peripheral movement to institutionalize the discipline of sociology.
Durkheim's programmatic statements were, after all, integral to what
Lukes has described as a lifelong "campaign to win recognition for sociol-
ogy's scientific status" in an ossified academic environment extremely
reluctant to concede the scientific legitimacy of the new field (Lukes 1973,
p. 36; see also Clark 1973; Shils 1970). It was Durkheim's conviction,
furthermore, that the legitimacy of a would-be science could be securely
grounded only when "its subject matter is an order of facts which other
sciences do not study" (1895b, p. 162). Differentiating sociology from the
more established field of individual psychology thus became an issue of
cardinal concern to him. This, of course, is a point that previous com-
mentators have often recorded, albeit in such general terms that Dur-
kheim's encounter with psychology emerges as a struggle with an almost
faceless opponent. In fact, however, the enemy was an eminently full-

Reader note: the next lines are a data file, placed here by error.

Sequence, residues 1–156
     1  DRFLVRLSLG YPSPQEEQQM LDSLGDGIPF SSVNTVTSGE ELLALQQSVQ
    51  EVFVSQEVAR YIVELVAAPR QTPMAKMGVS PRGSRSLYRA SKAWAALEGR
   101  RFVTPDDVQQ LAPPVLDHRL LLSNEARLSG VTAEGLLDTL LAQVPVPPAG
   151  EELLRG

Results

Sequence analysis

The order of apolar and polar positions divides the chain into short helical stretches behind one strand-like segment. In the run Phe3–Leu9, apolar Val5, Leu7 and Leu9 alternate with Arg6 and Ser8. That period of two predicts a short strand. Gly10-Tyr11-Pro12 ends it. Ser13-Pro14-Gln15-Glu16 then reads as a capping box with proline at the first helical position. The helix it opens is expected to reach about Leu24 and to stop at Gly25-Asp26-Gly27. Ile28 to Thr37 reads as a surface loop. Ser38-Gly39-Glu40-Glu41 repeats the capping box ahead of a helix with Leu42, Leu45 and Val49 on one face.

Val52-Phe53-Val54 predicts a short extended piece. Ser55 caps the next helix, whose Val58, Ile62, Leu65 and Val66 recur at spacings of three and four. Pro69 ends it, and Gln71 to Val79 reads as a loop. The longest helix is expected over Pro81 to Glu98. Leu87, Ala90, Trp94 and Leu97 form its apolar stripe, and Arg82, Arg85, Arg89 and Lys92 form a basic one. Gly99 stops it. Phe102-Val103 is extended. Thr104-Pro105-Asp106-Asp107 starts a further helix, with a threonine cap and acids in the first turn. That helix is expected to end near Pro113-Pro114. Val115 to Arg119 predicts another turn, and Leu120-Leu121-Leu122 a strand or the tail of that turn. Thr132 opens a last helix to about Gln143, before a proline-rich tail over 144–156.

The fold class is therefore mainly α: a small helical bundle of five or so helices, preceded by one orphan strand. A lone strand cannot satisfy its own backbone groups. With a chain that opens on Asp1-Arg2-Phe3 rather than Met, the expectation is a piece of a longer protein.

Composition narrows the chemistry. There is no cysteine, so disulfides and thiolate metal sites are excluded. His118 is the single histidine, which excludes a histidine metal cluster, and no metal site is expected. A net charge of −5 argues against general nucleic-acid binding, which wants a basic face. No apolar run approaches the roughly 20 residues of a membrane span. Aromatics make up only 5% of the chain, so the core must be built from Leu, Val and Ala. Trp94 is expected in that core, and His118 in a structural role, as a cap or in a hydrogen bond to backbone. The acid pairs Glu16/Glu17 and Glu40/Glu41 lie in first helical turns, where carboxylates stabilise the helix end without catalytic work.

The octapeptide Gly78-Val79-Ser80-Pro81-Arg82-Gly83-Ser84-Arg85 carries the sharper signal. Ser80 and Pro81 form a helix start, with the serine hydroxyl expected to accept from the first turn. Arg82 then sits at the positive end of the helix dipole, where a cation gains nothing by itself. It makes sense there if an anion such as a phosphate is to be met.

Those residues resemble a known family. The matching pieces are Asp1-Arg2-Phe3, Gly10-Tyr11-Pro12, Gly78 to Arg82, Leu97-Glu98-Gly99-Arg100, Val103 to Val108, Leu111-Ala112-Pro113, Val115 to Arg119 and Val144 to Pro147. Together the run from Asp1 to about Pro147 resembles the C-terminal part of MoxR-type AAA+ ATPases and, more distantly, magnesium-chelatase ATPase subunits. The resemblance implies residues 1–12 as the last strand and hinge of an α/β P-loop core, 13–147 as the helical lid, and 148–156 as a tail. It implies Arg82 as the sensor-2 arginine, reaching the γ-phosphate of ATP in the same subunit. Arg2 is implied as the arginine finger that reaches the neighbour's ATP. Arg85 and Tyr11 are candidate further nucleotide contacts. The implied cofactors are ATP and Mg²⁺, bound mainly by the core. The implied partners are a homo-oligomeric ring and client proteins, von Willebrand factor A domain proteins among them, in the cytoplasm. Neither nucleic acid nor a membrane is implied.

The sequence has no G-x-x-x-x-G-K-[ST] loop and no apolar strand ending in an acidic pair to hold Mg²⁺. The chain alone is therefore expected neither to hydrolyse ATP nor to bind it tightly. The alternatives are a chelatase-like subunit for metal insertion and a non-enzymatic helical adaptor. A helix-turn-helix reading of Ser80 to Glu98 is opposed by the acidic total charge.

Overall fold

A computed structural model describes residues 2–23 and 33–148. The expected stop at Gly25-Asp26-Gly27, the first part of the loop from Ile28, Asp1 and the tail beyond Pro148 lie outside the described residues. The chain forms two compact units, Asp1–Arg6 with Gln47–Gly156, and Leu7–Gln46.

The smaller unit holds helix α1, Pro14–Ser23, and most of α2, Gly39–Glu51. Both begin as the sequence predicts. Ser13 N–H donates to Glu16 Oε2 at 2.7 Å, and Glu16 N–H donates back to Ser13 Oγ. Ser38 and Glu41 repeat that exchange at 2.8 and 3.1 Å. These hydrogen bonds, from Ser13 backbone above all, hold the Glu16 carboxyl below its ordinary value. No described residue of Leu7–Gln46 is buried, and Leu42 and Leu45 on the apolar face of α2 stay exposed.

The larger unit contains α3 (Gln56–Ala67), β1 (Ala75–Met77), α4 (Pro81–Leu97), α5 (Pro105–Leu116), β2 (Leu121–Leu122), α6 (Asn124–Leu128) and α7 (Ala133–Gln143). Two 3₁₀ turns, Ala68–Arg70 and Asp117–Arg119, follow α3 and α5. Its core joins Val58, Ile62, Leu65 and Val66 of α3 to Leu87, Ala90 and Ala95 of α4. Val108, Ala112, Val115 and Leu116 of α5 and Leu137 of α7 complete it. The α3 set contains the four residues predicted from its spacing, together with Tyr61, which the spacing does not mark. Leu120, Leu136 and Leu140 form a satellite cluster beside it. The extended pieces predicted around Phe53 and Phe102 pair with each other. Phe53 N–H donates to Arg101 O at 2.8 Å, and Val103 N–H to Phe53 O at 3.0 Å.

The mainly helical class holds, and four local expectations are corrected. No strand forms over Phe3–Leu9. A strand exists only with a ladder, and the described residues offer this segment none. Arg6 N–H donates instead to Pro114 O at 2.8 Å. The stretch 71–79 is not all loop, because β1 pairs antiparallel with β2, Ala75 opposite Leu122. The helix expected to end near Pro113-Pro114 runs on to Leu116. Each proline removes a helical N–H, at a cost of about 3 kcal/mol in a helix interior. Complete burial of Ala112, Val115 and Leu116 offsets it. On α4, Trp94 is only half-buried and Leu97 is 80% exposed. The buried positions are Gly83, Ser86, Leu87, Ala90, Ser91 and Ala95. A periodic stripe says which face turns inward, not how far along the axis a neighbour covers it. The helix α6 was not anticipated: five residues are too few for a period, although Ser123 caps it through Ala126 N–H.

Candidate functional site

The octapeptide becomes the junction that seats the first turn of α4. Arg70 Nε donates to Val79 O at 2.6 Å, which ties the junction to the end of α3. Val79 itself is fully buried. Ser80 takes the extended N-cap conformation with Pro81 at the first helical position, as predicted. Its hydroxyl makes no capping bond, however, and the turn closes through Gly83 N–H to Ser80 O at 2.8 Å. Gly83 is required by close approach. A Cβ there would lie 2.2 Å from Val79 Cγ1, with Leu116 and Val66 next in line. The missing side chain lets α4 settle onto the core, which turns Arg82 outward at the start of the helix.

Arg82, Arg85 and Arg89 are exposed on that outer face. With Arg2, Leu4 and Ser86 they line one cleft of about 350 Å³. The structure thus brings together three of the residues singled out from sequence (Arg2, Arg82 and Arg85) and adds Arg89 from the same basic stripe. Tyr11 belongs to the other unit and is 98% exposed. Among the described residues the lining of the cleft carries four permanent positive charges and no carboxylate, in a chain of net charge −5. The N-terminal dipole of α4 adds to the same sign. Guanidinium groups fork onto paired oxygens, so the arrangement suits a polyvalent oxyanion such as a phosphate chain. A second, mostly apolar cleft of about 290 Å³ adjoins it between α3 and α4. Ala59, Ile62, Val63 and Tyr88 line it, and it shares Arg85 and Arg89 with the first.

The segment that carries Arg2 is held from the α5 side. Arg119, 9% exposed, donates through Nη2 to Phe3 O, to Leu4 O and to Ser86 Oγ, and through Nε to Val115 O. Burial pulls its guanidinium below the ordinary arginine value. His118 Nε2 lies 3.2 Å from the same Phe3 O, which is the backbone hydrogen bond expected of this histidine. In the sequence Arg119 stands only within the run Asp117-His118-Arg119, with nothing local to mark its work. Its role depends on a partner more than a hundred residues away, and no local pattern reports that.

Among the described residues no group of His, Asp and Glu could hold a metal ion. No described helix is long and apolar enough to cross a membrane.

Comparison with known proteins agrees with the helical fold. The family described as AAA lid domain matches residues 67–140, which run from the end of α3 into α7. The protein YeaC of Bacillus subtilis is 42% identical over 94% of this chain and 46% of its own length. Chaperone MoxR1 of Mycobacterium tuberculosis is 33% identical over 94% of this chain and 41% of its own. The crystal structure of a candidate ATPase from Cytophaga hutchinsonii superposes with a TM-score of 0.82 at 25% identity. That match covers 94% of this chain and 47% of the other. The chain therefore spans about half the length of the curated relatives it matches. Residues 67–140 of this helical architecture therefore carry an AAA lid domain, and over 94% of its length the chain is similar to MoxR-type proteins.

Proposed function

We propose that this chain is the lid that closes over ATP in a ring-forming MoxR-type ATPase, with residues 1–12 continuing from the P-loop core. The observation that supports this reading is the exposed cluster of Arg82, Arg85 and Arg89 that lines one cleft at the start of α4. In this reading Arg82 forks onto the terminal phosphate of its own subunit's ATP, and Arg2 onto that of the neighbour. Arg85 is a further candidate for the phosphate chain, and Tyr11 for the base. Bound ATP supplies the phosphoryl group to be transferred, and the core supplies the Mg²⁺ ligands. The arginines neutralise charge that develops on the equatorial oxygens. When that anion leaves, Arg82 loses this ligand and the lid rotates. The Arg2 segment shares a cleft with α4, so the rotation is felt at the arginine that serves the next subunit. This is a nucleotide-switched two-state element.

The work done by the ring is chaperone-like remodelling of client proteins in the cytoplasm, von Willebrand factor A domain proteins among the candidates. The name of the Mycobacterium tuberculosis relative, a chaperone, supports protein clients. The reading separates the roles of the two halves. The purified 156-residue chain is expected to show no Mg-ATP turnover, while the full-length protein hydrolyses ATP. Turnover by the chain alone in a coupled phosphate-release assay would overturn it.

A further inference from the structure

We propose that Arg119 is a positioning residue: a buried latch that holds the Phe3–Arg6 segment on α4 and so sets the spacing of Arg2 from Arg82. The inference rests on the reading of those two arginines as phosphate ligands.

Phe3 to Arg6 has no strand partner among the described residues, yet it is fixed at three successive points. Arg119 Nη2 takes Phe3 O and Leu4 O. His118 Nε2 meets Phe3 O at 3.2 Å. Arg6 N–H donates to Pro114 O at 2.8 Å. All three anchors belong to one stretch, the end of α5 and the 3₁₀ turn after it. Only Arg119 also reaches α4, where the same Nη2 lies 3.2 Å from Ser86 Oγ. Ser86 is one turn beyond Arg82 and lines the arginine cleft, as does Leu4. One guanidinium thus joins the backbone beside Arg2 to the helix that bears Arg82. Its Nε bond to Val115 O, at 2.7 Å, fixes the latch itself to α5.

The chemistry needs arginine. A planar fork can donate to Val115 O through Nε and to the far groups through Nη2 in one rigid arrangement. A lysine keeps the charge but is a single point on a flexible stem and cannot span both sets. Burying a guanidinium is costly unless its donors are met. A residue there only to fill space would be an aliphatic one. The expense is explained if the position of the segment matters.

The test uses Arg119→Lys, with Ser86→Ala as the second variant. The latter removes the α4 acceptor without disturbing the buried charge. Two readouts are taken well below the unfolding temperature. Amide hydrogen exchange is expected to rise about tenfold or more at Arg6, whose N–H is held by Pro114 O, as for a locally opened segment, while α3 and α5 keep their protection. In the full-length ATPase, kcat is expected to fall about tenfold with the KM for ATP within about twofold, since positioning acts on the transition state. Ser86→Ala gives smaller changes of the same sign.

bodied one: chiefly, it was the aggressive "new psychology" of the time.
When Durkheim described psychology, he spoke of research on "the
organic and physical constitution of man" (1900a, p. 363); when he ad-
verted to specific psychological writings, it was the English, French,
German, and American representatives of the new psychology that he
repeatedly cited (see 1898a; 1902-3b; 1913-14), even drawing on Du-
mont's psychophysical discussion of "I'habitude," which was mentioned
above (see 1898a, p. 5). Operating against this backdrop and determined
to endow sociology with "a subject matter peculiarly its own" (1895b, p.
50), Durkheim did not wait long to question which discipline should have
custody of habit, and it did not take long for him to answer by explicitly
declaring that the phenomenon belonged to psychology (see, e.g., 1888a,
p. 51; 1901, p. 44; 1911b, p. 111). Never mind that, byhis own testimony,
habits met the same criteria as the "social facts" that were at the core of
his sociology: that they were external to the individual in the sense that
they were among the tendencies that "education has impressed upon us"
(1912, p. 389; see also 1893, p. 320; 1895b, pp. 50-54; 1902-3b, p. 244;
1904, p. 127) and that they were also constraining, "dominat[ing] us and
impos[ing] beliefs and practices upon us" (1901, p. 44). For all this, the
idea of habit remained, in Durkheim's mind, too closely associated with
psychology to merit inclusion in his sundry pronouncements about what
the discipline of sociology ought to study; to mnake the concept a part of